Michael Pyritz, DOT spokesman for the southeast region, attributed the improvement in accident rates to several factors.
The new interchange made exiting safer and improved sight lines while incorporating modern safety and efficiency designs, he said.
"We expect to see the same trend when the Zoo Interchange is done," Pyritz said.
As a double check on the DOT data, we got crash figures from the Milwaukee County Sheriff’s Office, which responds to most accidents in the Marquette Interchange.
That data showed somewhat smaller, but still significant, declines in accidents.
For example, comparing the three years before the project (2001-2003) vs. the latest three years (2012-2014), accidents are down 45 percent and injury accidents 49 percent, according to the Sheriff’s Department. The two agencies defined the interchange somewhat differently.
By another measure -- the three years before rebuilding vs. the first three years after (2009-2011) -- the Sheriff’s Office found 27 percent and 32 percent drops in total accidents and injury crashes, respectively.
That same comparison using the DOT data yielded the 48 percent and 60 percent drops. There’s a large discrepancy in which the Sheriff’s Office shows far fewer injury accidents before the project than are reported in the DOT figures.
Sheriff’s officials said a changeover in data collection methods, and late reporting of injuries by crash victims, likely explains some of the discrepancy.
Still, even with that, both agencies show a clear drop in accidents.
One final note: more traffic could also explain the higher numbers of accidents before the reconstruction.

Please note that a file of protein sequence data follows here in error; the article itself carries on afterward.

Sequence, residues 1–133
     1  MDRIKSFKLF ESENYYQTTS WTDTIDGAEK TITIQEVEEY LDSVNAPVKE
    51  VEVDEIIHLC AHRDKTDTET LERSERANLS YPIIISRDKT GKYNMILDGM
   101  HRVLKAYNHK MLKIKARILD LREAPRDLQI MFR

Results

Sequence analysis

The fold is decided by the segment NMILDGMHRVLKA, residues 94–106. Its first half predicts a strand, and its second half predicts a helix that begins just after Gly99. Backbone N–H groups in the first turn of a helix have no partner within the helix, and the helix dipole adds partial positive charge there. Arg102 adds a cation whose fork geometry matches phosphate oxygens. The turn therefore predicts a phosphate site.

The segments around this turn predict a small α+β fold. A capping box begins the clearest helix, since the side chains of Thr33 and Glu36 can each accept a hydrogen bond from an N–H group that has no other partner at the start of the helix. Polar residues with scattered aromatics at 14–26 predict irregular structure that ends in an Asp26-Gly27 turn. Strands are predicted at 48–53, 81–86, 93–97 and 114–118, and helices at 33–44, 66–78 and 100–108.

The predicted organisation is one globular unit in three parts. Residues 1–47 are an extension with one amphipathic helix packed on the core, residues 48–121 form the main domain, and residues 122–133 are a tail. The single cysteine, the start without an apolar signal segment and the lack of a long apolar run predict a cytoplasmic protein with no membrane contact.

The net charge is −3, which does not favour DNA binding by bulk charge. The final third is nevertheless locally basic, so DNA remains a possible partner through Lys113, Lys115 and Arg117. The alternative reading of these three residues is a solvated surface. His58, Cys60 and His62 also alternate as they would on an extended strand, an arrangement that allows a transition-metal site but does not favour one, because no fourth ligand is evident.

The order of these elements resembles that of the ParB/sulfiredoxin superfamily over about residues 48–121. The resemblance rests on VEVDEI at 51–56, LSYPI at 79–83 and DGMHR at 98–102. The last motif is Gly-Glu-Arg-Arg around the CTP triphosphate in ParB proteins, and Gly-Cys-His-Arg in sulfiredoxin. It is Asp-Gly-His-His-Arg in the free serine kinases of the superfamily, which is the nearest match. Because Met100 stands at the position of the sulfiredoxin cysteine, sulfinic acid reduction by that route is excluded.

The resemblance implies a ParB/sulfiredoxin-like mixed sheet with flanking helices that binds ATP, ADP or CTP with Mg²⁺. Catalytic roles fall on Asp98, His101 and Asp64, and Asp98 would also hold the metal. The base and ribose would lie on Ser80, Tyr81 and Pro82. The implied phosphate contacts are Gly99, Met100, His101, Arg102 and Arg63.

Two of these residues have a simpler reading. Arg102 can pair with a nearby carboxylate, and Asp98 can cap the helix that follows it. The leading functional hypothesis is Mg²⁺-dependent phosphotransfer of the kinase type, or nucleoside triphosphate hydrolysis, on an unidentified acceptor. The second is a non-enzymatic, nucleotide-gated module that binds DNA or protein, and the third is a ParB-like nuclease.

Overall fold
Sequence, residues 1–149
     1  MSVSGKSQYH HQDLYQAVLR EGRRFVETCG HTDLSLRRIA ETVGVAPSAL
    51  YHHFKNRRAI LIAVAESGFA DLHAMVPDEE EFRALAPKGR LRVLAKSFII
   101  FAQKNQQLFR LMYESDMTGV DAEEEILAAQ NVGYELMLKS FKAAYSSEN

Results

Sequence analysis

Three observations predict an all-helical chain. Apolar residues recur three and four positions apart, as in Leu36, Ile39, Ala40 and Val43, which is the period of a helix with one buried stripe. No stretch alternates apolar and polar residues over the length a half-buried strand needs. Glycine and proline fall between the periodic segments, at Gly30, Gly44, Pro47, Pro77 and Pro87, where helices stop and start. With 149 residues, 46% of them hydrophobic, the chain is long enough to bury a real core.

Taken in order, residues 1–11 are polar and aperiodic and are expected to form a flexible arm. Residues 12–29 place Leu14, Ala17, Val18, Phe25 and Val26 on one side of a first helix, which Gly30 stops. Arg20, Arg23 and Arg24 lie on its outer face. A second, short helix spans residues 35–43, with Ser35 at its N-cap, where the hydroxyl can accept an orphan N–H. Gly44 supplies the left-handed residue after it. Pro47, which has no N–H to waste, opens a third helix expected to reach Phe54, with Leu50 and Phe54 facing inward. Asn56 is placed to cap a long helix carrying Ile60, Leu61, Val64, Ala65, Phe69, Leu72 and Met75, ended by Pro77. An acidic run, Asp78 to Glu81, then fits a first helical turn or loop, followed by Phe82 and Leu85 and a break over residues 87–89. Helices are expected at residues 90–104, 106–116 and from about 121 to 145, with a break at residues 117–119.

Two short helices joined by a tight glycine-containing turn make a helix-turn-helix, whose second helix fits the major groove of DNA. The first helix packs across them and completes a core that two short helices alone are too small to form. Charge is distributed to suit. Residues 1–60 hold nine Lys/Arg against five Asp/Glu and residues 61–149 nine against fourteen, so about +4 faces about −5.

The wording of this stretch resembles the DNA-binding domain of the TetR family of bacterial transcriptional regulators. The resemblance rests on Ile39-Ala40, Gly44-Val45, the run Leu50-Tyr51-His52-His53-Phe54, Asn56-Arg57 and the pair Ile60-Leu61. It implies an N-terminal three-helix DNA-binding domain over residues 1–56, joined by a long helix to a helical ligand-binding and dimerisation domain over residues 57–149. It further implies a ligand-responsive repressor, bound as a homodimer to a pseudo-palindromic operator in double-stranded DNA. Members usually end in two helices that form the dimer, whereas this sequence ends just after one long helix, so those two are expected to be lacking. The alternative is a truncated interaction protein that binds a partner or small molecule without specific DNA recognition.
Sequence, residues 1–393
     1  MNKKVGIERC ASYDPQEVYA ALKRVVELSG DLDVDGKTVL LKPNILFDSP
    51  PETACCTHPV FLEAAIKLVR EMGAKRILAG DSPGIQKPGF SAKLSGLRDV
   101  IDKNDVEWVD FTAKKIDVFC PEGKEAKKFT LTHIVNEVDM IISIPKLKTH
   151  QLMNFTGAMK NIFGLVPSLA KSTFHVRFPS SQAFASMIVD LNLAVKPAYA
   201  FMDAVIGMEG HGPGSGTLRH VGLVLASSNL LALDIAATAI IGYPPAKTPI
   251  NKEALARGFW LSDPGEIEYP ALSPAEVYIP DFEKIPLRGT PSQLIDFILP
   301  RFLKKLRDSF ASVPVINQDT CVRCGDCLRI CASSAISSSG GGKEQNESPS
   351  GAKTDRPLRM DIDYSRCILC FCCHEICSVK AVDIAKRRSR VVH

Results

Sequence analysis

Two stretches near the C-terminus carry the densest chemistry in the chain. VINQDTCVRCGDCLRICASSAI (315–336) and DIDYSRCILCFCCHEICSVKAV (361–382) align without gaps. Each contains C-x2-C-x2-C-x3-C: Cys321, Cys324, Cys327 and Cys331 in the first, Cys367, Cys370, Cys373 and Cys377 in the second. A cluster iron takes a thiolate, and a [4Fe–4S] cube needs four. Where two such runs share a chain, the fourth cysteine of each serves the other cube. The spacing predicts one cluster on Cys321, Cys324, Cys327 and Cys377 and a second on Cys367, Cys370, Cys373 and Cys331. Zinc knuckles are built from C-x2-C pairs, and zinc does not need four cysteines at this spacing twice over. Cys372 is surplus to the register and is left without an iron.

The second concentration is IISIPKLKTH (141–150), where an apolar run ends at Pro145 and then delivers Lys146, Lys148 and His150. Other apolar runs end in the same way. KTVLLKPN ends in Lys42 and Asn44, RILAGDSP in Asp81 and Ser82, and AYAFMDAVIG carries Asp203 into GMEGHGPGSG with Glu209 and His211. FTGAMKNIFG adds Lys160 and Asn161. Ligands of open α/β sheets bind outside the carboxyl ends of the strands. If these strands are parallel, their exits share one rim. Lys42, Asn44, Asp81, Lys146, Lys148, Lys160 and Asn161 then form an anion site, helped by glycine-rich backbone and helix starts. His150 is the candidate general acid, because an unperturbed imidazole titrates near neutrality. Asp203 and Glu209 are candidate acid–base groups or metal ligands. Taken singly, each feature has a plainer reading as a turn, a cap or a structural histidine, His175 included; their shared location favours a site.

But DOT data we reviewed on its website suggests that traffic volumes were not significantly higher, if higher at all, back then.
In the broad view, after 30 years of steady increases, miles traveled on state highways leveled off in 2000 and have not budged much. On I-94, which feeds the Marquette, a DOT study reported a 5 percent increase eastbound from the Brewers ballpark from 1989 to 2009.
All that might suggest that volume in the Marquette after the rebuild is roughly the same or higher than it was before construction.
The Wisconsin Transportation Builders Association radio ad contended that "accidents are down 50 percent and injury accidents are down 60 percent" since the redesign of the Marquette Interchange in Milwaukee.
There are different ways to slice this, but the ad cites official state data that is backed up within a few percentage points by more recent figures, and is generally confirmed by local data.
We rate the claim True.
Wisconsin Transportation Builders Association, radio ad, 2014-15
Interview with Michael Pyritz, spokesman, SE Region of DOT, May 13, 2015
Interview with Pat Goss, executive director, Wisconsin Transportation Builders Association, and Kevin Traas, WTBA director of transportation policy and finance, May 2015
Interview with Kenneth Yunker, executive director, Southeastern Wisconsin Regional Planning Commission (SEWRPC), May 21, 2015
Interview with Ash Anandanarayanan, director of transportation policy, 1000 Friends of Wisconsin, May 20, 2015
Research on accident reporting by Wisconsin DOT
Marquette Interchange crash data, annual averages over a three year period
Marquette Interchange crash data, five year period
Read About Our Process
In a world of wild talk and fake news, help us stand up for the facts.